PhD Candidate in Biology
Affiliation: NYU Abu Dhabi
Education: BS University of Massachusetts; MS Northeastern University
Research Areas: Multi-omics Integrative Analysis, Metabolomics, Transcriptomics, Genomics, Malaria, Immune System
Wael Abdrabou has earned his BS degree in Biology from the University of Massachusetts. After graduating, he joined Massachusetts Eye and Ear Infirmary in Boston where he participated in various GWAS studies that aimed to identify genes and genetic variants associated with Glaucoma. In 2014, Wael earned his MS degree in Biotechnology from Northeastern University and joined Sanofi, Inc. Cambridge, the USA as an intern. At Sanofi, he worked on differential gene expression studies that aimed to identify target genes for vaccine development against infectious bacterial strains. During his internship, he developed a great experience with Next Generation Sequencing (NGS) techniques and platforms.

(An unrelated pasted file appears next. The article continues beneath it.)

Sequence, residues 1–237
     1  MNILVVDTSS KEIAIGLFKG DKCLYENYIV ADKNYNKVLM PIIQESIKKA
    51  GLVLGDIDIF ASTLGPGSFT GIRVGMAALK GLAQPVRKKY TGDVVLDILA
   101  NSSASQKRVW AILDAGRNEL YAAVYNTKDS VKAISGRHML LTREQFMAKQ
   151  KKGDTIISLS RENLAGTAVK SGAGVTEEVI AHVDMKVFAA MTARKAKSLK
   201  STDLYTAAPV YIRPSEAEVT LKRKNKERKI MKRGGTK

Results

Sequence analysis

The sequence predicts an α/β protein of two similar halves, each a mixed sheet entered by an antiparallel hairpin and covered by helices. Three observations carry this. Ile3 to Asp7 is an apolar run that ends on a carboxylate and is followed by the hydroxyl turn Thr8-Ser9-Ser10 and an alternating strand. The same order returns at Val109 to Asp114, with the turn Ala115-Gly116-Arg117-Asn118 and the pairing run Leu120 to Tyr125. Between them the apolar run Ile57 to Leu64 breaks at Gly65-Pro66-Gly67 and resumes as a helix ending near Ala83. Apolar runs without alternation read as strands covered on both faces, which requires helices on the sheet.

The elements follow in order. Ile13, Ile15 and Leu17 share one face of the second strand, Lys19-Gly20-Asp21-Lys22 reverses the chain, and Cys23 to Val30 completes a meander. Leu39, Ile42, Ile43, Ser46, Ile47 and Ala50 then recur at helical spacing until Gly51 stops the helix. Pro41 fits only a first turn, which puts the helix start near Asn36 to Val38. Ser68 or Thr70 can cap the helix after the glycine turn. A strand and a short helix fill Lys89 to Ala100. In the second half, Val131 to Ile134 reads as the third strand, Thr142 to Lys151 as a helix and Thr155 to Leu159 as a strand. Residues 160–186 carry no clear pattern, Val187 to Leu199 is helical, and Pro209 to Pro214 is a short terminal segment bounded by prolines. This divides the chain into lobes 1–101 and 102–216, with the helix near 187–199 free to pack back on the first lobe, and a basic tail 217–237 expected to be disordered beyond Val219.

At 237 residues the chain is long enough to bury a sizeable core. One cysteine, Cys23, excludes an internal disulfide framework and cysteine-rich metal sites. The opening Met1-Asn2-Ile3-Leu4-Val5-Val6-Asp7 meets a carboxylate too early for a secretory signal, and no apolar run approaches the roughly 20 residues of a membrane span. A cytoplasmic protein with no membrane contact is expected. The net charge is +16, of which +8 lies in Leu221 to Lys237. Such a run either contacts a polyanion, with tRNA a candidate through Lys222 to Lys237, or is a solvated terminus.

Currently, Wael is a PhD candidate at New York University Abu Dhabi (NYUAD) where he is pursuing his dissertation research investigating the dynamics that underlie the variation in human response to malaria infection among children. Through the collaboration between Idaghdour Lab at NYUAD and the national research center for Malaria in Burkina Faso (CRNFP), he is conducting a comparative analysis of the metabolome, genome, and transcriptome of three different pediatric cohorts from three ethnic groups in endemic regions of sub-Saharan Africa. He is utilizing an integrative multi-omics approach to describe metabolic perturbations and associated genetic variants and transcriptional events during infection. This approach can help identify biomarkers and biochemical and genetic pathways that can be targeted in future antimalarial treatments. It can also provide a more holistic and systemic view that is closer to reality on biochemical-gene networks associated with the infection.
Wael is current using an integrative multi-omics approach to describe metabolic perturbations and associated genetic variants during malaria infection in children ages 2-10 years in endemic regions of sub-Saharan Africa.